233 (actually 228, 230, 240) is reproduced from that
holes D/a D 0 and t/a D
NACA TN. In the gures, represents measured values for the small frames, x
values for the medium sized frames and o values for the large frames. Similarity is
clearly conrmed in Figures 5.5(a) and (c) for tensile strain and diagonal displacement, while for the bending strain and lateral displacement in (b) and (d) there is
more scatter. This scatter is primarily due to errors of measurement. Indeed the
measurement of lateral deections was pointed out to be unreliable and inuenced
by rotation of frame edges. Also the bending strains were very sensitive to errors in
positioning of strain gages and their relative size. However, as a whole, similarity
was demonstrated in [5.15] by all the curves to a reasonable degree, the scatter
diminishing when the group included only two scaled frames.
Since the tests extended well into the plastic region, the results conrm the
validity of the similarity principles, not only for elastic buckling but also for
inelastic postbuckling behavior.
One notes that in buckling experiments simple dimensional analysis can be a
helpful guide in the design of meaningful experiments and that it can be extended
also to deal with yielding and collapse conditions. One of the weaknesses of
the dimensional analysis approach is that geometric imperfections, which have
a signicant effect on buckling behavior, are not included in it. If a structure is
strongly imperfection sensitive, even careful experiments will demonstrate strong
scatter. The experiments themselves therefore may present an indication or warning
of imperfection sensitivity, even if theoretical consideration have not brought
it out.


Scaling of Dynamically Loaded Structures

Since dynamic loads are often the cause of buckling of structures, the similarity
and scaling conditions for time-variant problems have also to be considered.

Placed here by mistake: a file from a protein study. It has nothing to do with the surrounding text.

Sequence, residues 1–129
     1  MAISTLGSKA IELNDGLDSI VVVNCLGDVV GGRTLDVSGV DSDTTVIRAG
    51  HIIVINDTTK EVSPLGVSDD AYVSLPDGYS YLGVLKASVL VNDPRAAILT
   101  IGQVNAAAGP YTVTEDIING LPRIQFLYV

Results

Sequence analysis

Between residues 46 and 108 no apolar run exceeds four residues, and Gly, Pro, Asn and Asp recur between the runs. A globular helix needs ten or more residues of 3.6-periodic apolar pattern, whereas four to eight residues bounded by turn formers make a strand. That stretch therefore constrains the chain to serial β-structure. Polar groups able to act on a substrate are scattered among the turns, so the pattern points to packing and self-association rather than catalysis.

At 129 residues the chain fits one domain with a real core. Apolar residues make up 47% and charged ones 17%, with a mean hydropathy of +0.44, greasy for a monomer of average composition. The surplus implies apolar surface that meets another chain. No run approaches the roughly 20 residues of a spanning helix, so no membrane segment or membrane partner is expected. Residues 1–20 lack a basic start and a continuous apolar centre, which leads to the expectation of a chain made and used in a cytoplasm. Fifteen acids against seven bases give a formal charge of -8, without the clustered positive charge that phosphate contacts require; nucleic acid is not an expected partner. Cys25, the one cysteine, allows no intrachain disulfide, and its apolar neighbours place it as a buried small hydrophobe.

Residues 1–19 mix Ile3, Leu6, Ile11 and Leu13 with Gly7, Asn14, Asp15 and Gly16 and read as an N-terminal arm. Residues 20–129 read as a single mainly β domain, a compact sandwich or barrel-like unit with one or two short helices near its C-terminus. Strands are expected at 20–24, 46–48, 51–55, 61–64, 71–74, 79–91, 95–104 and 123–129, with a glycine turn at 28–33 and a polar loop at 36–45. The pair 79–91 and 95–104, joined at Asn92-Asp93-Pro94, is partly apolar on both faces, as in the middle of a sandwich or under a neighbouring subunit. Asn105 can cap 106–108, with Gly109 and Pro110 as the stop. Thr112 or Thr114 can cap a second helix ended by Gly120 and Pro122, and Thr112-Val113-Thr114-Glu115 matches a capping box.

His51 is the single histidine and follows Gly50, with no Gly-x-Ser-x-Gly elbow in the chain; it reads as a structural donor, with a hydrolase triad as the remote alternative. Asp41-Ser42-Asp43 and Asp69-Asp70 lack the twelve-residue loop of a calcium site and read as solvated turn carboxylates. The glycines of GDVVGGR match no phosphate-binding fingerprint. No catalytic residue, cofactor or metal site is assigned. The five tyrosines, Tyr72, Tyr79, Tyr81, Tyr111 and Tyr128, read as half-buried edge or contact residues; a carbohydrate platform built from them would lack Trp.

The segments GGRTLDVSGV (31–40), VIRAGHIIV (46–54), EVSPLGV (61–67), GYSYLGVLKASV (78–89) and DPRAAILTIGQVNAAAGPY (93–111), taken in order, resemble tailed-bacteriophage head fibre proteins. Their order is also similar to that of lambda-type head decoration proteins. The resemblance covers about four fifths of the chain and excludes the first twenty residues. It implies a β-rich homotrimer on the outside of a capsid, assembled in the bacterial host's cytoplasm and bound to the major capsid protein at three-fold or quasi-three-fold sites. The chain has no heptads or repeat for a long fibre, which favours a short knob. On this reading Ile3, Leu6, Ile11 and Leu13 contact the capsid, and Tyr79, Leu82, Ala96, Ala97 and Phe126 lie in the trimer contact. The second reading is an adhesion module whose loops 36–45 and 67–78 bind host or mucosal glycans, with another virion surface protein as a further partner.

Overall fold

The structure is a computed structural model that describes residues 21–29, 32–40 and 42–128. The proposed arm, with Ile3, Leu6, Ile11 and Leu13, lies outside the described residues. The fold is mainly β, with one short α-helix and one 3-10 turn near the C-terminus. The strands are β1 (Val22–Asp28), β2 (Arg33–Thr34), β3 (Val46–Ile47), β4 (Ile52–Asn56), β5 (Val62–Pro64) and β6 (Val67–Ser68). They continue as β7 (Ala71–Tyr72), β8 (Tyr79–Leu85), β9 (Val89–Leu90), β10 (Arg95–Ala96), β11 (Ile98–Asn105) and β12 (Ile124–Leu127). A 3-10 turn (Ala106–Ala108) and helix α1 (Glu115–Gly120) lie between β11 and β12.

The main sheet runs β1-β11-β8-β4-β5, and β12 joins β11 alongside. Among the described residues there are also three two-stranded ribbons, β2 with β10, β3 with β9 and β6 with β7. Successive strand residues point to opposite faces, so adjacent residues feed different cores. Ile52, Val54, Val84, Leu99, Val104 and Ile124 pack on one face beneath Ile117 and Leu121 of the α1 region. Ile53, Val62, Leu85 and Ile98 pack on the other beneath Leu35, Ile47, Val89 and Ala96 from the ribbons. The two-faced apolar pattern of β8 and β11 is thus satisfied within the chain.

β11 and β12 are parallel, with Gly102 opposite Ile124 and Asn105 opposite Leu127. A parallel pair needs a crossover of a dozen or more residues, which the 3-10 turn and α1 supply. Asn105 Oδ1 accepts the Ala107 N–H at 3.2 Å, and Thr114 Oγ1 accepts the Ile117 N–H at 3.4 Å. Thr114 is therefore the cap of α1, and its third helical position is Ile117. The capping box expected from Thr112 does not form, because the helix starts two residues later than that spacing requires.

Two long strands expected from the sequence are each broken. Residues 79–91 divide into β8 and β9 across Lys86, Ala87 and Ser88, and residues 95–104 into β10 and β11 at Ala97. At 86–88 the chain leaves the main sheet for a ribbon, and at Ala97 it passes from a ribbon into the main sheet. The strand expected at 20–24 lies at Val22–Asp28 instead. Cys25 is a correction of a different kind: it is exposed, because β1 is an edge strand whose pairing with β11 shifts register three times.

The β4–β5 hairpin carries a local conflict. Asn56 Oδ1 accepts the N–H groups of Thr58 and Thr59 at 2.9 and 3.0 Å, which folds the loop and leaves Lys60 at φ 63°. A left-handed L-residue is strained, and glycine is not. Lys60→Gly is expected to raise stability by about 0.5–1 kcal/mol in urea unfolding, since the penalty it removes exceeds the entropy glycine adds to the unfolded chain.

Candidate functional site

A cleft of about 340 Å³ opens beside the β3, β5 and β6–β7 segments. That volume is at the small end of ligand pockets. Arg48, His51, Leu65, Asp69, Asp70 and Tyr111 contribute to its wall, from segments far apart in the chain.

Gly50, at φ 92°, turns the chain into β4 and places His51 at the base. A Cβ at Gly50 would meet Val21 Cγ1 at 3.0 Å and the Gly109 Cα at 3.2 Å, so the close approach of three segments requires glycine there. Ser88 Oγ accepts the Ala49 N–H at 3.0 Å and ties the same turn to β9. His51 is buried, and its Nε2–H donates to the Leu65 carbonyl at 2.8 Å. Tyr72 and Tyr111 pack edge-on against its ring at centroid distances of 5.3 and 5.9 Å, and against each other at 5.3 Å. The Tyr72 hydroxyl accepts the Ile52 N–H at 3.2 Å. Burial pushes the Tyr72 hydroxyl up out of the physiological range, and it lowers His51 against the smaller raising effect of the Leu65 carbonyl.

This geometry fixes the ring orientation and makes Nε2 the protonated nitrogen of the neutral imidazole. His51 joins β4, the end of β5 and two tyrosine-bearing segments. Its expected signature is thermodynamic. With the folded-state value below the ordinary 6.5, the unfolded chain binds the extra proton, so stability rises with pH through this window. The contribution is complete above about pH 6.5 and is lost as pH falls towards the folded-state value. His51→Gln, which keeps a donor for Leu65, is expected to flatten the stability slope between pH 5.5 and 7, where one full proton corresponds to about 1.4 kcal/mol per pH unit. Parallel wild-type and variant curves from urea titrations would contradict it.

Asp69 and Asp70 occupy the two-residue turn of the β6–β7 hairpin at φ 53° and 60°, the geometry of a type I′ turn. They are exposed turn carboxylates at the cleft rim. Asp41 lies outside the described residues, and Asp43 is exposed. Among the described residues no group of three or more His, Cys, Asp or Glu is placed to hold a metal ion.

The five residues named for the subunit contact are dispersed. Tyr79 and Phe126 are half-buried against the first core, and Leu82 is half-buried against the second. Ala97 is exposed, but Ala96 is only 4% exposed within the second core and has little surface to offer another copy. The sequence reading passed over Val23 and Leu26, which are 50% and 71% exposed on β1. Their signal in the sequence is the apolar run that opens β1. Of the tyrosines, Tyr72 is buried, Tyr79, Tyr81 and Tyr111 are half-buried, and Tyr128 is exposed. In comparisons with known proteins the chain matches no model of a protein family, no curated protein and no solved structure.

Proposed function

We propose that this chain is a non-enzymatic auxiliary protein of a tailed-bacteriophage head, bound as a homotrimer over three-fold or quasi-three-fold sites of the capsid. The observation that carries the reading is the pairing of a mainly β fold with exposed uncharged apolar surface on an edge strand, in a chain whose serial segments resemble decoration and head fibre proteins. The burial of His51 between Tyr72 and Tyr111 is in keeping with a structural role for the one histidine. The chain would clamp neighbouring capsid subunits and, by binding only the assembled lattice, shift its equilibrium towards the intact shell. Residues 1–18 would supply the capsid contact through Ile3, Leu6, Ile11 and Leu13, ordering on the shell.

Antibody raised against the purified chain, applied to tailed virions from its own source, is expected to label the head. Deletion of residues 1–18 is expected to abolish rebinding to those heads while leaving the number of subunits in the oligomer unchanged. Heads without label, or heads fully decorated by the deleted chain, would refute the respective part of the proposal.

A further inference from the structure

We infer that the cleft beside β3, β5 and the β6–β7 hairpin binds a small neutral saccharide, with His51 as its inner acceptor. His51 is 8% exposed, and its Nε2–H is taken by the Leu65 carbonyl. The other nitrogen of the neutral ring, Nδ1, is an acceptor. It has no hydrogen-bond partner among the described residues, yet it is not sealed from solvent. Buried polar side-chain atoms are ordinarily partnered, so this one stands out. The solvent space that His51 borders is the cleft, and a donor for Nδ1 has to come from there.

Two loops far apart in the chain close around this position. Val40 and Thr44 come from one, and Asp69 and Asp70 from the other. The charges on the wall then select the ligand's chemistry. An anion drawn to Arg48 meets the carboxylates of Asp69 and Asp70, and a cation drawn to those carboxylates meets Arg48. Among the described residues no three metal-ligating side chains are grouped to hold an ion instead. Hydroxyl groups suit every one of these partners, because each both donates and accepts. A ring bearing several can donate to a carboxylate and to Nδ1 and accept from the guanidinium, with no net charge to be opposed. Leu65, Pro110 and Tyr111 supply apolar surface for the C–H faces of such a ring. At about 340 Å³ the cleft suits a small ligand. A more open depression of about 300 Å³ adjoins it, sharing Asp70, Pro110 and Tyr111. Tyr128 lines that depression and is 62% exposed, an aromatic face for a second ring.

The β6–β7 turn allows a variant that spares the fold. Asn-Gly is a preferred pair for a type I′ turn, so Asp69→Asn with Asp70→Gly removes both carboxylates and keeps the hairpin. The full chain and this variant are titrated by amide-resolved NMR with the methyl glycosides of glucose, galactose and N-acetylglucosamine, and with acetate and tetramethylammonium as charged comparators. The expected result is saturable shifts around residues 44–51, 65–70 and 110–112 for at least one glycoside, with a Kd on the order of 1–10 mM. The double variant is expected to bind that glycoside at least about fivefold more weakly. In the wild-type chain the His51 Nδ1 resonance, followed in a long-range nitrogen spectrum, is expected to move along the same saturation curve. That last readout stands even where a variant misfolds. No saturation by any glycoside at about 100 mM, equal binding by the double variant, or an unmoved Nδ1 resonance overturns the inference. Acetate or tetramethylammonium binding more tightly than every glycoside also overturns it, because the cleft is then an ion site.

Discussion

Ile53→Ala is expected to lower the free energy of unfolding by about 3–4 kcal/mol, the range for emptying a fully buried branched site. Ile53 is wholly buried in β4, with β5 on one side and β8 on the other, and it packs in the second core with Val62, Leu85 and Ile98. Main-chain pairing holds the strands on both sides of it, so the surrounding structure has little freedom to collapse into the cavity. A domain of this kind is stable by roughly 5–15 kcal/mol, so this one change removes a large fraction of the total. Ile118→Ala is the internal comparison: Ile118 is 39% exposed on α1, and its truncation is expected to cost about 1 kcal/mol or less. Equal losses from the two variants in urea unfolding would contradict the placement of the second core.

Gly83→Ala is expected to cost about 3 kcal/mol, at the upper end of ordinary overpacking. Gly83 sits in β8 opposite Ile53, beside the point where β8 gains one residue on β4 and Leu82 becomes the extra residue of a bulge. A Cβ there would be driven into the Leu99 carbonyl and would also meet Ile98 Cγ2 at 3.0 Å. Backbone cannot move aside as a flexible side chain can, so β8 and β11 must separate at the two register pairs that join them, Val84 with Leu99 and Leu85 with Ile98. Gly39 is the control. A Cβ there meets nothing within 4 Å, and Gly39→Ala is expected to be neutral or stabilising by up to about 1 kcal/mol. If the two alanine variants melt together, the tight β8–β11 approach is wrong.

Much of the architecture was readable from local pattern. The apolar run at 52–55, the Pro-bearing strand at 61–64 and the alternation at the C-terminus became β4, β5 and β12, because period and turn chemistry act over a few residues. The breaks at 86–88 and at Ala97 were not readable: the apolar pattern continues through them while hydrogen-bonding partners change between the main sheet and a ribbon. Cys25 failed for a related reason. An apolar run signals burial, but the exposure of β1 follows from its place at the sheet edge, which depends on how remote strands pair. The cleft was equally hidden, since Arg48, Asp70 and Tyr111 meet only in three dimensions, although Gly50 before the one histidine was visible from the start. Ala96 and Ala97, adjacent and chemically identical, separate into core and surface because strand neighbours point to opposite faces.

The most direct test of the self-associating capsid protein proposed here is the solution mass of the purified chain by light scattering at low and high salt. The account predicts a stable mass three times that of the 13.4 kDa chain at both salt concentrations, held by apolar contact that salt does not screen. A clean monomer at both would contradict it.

Theory and Practice

Free Vibrations

Free vibrations of an elastic frictionless system represent a simple example of a

time-variant phenomenon. For geometrically similar systems, the frequency of
any specied natural mode of vibration depends on an overall scale length , and
mass density , Poissons ratio  and Youngs modulus E. Hence
D f, , E, .


In the dimensional analysis there are n D 5 variables,

p m D 3 fundamental units
and therefore two dimensionless products 1 D  /E and , which are found
in the usual manner described in Section 5.2. Hence

f1  /E,  D 0
which can also be written as


f2 .


Since the vibrations are small, the dependence on Poissons ratio, f2 , may be
approximated by a proportionality relation k. Then Eq. (5.74) can be replaced by

k E
The resulting model law is
K D 1,




where the K0 s are the relevant scale factors, KL D m /p , etc. The condition K D
1 may often be disregarded, as Poissons ratio has only a negligible effect. If
the model and the prototype are made of the same material, P anyhow and also
KE D K D 1. Then Eq. (5.76) reduces to
K KL D 1


yielding, for example, a double frequency for a half-size model.


Impact of a Rigid Body on a Structure

The impact of a moving rigid body on a structure is another simple example of

dynamic loading. The damage (like bending or fracture) at some distance from the
point of collision depends on the mass m and velocity V of the incident body, but
has been found to be practically independent of the size of this body (except for
very high speed impact ballistics). Hence one can assume the same length scale

Scaling of Dynamically Loaded Structures


factor for the incident body and the structure. With geometrical similarity the size of
the striking body and the impacted structure are then determined by a characteristic